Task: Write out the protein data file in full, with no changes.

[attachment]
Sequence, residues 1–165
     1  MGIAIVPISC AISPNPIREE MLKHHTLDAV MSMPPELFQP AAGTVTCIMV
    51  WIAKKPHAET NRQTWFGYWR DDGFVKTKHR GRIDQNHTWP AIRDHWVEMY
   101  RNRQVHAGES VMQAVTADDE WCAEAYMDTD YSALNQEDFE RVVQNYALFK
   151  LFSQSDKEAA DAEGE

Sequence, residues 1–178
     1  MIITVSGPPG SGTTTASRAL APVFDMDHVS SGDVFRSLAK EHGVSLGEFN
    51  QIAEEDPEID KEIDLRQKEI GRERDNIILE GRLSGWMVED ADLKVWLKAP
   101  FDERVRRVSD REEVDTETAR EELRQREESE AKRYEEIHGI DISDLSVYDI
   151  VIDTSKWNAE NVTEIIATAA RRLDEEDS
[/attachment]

Sequence, residues 1–165
     1  MGIAIVPISC AISPNPIREE MLKHHTLDAV MSMPPELFQP AAGTVTCIMV
    51  WIAKKPHAET NRQTWFGYWR DDGFVKTKHR GRIDQNHTWP AIRDHWVEMY
   101  RNRQVHAGES VMQAVTADDE WCAEAYMDTD YSALNQEDFE RVVQNYALFK
   151  LFSQSDKEAA DAEGE

Sequence, residues 1–178
     1  MIITVSGPPG SGTTTASRAL APVFDMDHVS SGDVFRSLAK EHGVSLGEFN
    51  QIAEEDPEID KEIDLRQKEI GRERDNIILE GRLSGWMVED ADLKVWLKAP
   101  FDERVRRVSD REEVDTETAR EELRQREESE AKRYEEIHGI DISDLSVYDI
   151  VIDTSKWNAE NVTEIIATAA RRLDEEDS